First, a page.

d.

Hydrogen bonds are not effective mediators of molecular recognition due to their low strength.

e.

None of the above are correct.

ANSWER:

c

20. Biological molecules are functionally active only within a narrow range of environmental conditions with denaturation occurring in all EXCEPT:

a.

dramatic increase in temperature.

b.

change in ionic strength.

c.

refrigeration.

d.

addition of strong acid or base.

e.

none, all will denature biological macromolecules.

ANSWER:

c

21. All of the following functions of an enzyme are true EXCEPT:

a.

Enzymes help to catalyze virtually every metabolic reaction.

b.

Enzymes mediate the rates of cellular reaction in proportion to cellular requirements.

c.

Enzymes are sensitive to temperature, pH, and concentration changes.

d.

An increased activity of an enzyme increases the amount of energy produced.

e.

Enzymes are used as a catalyst to increase reaction rates many orders of magnitude.

ANSWER:

d

22. All are true for prokaryotic cells EXCEPT:

a.

Some have flagella.

b.

They have a simple plasma or cell membrane.

c.

They posses a distinct nuclear area, but no nucleus.

d.

They have ribosomes, but no mitochondria.

e.

All are true.

ANSWER:

e

23. Composed of peptidoglycan, a rigid framework of polysaccharide cross-linked by short peptide chains, describes what structural feature of a prokaryotic cell?

a.

cytosol

b.

ribosome

c.

nuclear area

d.

cell membrane

e.

cell wall

ANSWER:

e

24. All are internal membrane specialized structures of animal cells EXCEPT:

a.

lysosome.

b.

nucleus.

c.

endoplasmic reticulum.

d.

mitochondria.

e.

chloroplast.

ANSWER:

e

25. Arrays of filaments in eukaryotic cells that give the cell its shape and its capacity to move are called the:

a.

plasma membrane.

b.

smooth endoplasmic reticulum.

c.

cytoskeleton.

d.

lysosome.

e.

Golgi body.

ANSWER:

c

26. Supramolecular complexes of nucleic acid encapsulated in a protein coat, and in some instances, surrounded by a membrane envelope are called:

a.

viruses.

b.

plasmids.

c.

nucleosomes.

d.

ribosomes.

e.

all are true.

ANSWER:

a

27. Viruses are acellular, but they act as cellular parasites in order to:

a.

reproduce.

b.

protect themselves.

c.

grow in size.

d.

gain genetic information.

e.

all are true.

ANSWER:

a

28. Rough ER are "studded" with:

a.

lysosomes.

b.

ribosomes.

c.

peroxisomes.

d.

nucleosomes.

e.

all are true.

ANSWER:

b

29. When viral genetic elements are integrated into the host chromosome and become quiescent, it is referred to as:

a.

cytolytic.

b.

lysogeny.

c.

hemolytic.

d.

propagational.

e.

autonomy.

ANSWER:

b

30. Which organelle is responsible for the bulk of energy production in the form of ATP?

a.

chloroplast

b.

mitochondria

c.

golgi apparatus

d.

lysosome

e.

endoplasmic reticulum

ANSWER:

b

31. Which of the following molecules is not generally incorporated into macromolecules?

a.

amino acids

b.

monosaccharides

c.

nucleotides

d.

fatty acids

e.

all of the above are incorporated into macromolecules

ANSWER:

d

32. ​Discuss the distinctive properties of living organisms.

ANSWER:

First, living systems are highly organized. For example, large animals are composed of many different types of cells that in turn have subcellular structures called organelles—complex assemblies of very large polymeric molecules called macromolecules. Second, every biological structure in a living system—from parts of organisms, such as limbs and organs, down to the chemical agents of metabolism, such as enzymes and metabolic intermediates—has a particular function. Third, living systems perform energy transformations by means of special energized biomolecules such as ATP and NADPH. Fourth, living systems are capable of self-replication—the ability to reproduce virtually identical copies of themselves.

33. Briefly explain the different organelles.​

ANSWER:

Organelles, found only in eukaryotic cells, are cellular inclusions that are usually membrane bounded and are dedicated to important cellular tasks. Organelles include the nucleus, mitochondria, chloroplasts, endoplasmic reticulum, Golgi apparatus, and vacuoles, as well as other relatively small cellular inclusions, such as peroxisomes, lysosomes, and chromoplasts. The nucleus is the repository of genetic information as contained within the linear sequences of nucleotides in the DNA of chromosomes. Mitochondria are organelles surrounded by two membranes that differ markedly in their protein and lipid composition. They carry out the energy-releasing aerobic metabolism of carbohydrates and fatty acids, capturing the energy in metabolically useful forms such as ATP. Chloroplasts endow cells with the ability to carry out photosynthesis. The endoplasmic reticulum is a labyrinthine organelle where both membrane proteins and lipids are synthesized. The Golgi is an asymmetrical system of flattened membrane-bounded vesicles often stacked into a complex. The vacuole is usually the most obvious compartment in plant cells. It is a very large vesicle enclosed by a single membrane called the tonoplast.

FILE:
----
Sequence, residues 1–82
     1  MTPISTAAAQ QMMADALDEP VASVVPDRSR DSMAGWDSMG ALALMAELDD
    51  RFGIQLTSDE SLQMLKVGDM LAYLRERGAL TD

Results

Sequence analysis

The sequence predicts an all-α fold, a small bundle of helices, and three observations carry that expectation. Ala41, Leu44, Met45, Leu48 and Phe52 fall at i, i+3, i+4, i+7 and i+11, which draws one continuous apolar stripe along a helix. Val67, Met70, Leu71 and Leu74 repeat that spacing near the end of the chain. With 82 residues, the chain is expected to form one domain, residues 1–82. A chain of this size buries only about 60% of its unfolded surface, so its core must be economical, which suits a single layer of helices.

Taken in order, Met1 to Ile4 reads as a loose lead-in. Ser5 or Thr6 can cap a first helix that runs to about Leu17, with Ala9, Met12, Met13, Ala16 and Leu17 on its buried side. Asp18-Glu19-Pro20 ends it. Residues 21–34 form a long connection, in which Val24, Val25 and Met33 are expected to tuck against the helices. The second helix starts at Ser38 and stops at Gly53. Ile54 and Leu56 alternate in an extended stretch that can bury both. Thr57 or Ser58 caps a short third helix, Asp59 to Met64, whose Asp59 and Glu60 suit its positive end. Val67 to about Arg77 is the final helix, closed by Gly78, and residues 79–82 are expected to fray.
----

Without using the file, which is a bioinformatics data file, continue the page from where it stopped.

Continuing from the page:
34. Discuss the properties of a hydrogen bond.​

ANSWER:

Hydrogen bonds form between a hydrogen atom covalently bonded to an electronegative atom (such as oxygen or nitrogen) and a second electronegative atom that serves as the hydrogen bond acceptor. Hydrogen bonds, at a strength of 12 to 30 kJ/mol, are stronger than van der Waals forces and have an additional property: H bonds are cylindrically symmetrical and tend to be highly directional, forming straight bonds between donor, hydrogen, and acceptor atoms. Hydrogen bonds are also more specific than van der Waals interactions because they require the presence of complementary hydrogen donor and acceptor groups.​

35. ​Briefly explain the structural organization of bacteria.

ANSWER:

Bacteria, which are prokaryotes, are very small, on the order of several microns in length, and are usually surrounded by a rigid cell wall that protects the cell and gives it its shape. Prokaryotic cells have only a single membrane, the plasma membrane or cell membrane. They contain no nucleus but possess a distinct nuclear area called the nucleoid where a single circular chromosome is localized. Reactions of cellular respiration are localized on internal membranous structures derived from and continuous with the cell membrane. In cyanobacteria, flat, sheetlike membranous structures called lamellae—formed from cell membrane infoldings—are the sites of photosynthetic activity. Some bacteria have flagella, single, long filaments used for motility.​

36. Describe the structure of viruses.​

ANSWER:

Viruses are supramolecular complexes of nucleic acid, either DNA or RNA, encapsulated in a protein coat and, in some instances, surrounded by a membrane envelope. Viruses are acellular, but they act as cellular parasites in order to reproduce. The bits of nucleic acid in viruses are, in reality, mobile elements of genetic information. The protein coat serves to protect the nucleic acid and allows it to gain entry to the cells that are its specific hosts. Mature virus particles in host cells arise by encapsulating the nucleic acid within a protein coat called the capsid.​

+
-
Only 0 units of this product remain

You might also be interested in